Texts to Parents Support Children’s Early Literacy Skills

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Image courtesy of the Fred Rogers Center

Image courtesy of the Fred Rogers Center

Kathleen Costanza looks at research studies that address the word gap study by Betty Hart and Todd Risley and examines the impact of sending text messages to parents to build their children’s early literacy development in the Fred Rogers Center blog post “Parents Boost Their Preschoolers’ Literacy Skills With Texted Tips.”  According to two separate research studies conducted by Stanford University and Northwestern University, text messages  with literacy-related activities  increase the amount of time parents spend performing these activities with their children, which in turn enhance their children’s literacy skills.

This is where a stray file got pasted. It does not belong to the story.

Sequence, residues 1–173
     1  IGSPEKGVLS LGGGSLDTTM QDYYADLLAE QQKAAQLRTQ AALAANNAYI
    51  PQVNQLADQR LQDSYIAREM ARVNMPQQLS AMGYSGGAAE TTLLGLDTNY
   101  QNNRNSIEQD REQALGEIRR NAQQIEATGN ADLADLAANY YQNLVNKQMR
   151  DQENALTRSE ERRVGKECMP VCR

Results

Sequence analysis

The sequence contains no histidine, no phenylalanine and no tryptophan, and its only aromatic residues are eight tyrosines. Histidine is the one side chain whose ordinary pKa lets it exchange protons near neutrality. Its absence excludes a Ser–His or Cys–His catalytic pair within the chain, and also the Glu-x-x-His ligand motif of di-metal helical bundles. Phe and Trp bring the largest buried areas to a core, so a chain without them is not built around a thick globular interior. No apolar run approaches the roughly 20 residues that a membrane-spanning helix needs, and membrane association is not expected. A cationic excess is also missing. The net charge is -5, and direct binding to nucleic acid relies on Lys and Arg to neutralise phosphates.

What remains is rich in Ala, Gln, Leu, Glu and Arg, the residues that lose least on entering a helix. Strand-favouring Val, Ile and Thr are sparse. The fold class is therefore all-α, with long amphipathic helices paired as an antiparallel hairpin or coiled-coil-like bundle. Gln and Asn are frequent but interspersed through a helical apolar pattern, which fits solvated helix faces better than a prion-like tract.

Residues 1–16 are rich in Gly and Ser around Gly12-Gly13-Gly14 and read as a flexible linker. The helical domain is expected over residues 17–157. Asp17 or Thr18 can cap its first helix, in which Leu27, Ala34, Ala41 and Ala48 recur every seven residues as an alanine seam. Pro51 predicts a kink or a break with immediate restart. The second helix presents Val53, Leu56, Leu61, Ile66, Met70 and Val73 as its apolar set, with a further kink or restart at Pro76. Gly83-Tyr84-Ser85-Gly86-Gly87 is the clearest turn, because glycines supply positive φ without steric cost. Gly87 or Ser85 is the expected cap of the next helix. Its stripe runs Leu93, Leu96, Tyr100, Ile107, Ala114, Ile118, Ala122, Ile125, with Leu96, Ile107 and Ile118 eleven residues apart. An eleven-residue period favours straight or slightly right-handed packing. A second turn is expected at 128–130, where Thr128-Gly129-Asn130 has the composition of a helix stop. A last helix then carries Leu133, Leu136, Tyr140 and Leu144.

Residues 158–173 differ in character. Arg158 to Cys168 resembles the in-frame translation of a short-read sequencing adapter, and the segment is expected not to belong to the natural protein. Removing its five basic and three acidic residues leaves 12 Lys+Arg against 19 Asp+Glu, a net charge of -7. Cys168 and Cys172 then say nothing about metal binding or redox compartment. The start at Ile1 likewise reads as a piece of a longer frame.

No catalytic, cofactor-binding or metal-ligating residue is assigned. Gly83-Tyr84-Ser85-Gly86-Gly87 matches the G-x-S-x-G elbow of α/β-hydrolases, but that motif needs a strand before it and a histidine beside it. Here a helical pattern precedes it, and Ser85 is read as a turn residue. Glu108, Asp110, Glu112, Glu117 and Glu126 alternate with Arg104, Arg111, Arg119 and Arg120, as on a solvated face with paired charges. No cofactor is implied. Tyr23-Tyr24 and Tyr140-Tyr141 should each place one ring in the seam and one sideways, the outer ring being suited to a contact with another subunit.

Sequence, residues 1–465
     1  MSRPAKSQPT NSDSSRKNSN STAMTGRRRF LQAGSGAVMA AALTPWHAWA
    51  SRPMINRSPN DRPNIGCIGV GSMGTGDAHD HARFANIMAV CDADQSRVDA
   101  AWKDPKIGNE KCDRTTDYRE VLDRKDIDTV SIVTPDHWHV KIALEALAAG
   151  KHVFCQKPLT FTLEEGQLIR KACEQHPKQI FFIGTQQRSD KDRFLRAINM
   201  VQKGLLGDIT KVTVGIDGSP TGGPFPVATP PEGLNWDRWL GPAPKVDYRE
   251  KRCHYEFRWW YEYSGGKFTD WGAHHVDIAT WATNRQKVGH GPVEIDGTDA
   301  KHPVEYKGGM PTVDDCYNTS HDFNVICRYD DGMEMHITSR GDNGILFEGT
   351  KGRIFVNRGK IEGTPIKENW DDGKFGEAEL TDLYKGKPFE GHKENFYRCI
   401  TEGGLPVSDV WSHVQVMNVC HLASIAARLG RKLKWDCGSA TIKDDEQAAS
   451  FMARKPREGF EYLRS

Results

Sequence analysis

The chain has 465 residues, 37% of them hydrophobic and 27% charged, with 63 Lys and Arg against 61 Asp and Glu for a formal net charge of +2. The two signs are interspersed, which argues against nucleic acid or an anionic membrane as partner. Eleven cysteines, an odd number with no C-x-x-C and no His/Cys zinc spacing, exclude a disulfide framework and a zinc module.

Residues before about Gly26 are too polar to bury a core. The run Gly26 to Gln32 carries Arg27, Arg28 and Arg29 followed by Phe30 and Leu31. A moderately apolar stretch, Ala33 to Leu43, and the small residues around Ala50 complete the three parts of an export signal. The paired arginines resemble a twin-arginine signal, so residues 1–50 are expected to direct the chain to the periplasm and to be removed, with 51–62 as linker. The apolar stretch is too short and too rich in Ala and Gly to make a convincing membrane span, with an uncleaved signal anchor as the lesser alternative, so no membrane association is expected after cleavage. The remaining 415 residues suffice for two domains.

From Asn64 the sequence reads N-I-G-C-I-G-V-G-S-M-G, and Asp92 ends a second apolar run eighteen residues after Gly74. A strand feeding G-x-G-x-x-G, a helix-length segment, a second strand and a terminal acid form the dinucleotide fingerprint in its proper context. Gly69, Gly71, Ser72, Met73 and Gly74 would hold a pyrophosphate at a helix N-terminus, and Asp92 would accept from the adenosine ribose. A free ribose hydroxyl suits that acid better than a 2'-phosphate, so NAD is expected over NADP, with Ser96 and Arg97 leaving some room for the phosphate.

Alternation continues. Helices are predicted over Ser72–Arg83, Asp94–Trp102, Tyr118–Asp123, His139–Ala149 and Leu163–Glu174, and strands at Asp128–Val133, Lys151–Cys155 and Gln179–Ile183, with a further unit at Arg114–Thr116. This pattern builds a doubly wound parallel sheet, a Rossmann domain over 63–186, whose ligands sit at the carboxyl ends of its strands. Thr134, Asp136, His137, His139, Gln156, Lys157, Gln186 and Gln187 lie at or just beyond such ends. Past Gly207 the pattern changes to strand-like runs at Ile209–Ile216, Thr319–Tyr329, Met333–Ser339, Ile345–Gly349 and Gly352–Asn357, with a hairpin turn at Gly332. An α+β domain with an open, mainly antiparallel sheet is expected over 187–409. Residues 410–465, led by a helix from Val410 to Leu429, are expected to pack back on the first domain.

In the post, Kathleen also points out that “although different approaches have been tried for years to help parents keep up habits that build literacy skills, the accessibility of texting is a significant plus. The results also validate that parents across the income spectrum want to help their kids succeed. The word gap, in other words, is not because of a lack of parents’ caring or apathy. The results show that parents need only a little help learning how to teach their kids to build literacy skills.”

Read more about Parents Boost Their Preschoolers’ Literacy Skills With Texted Tips from the Fred Rogers Center

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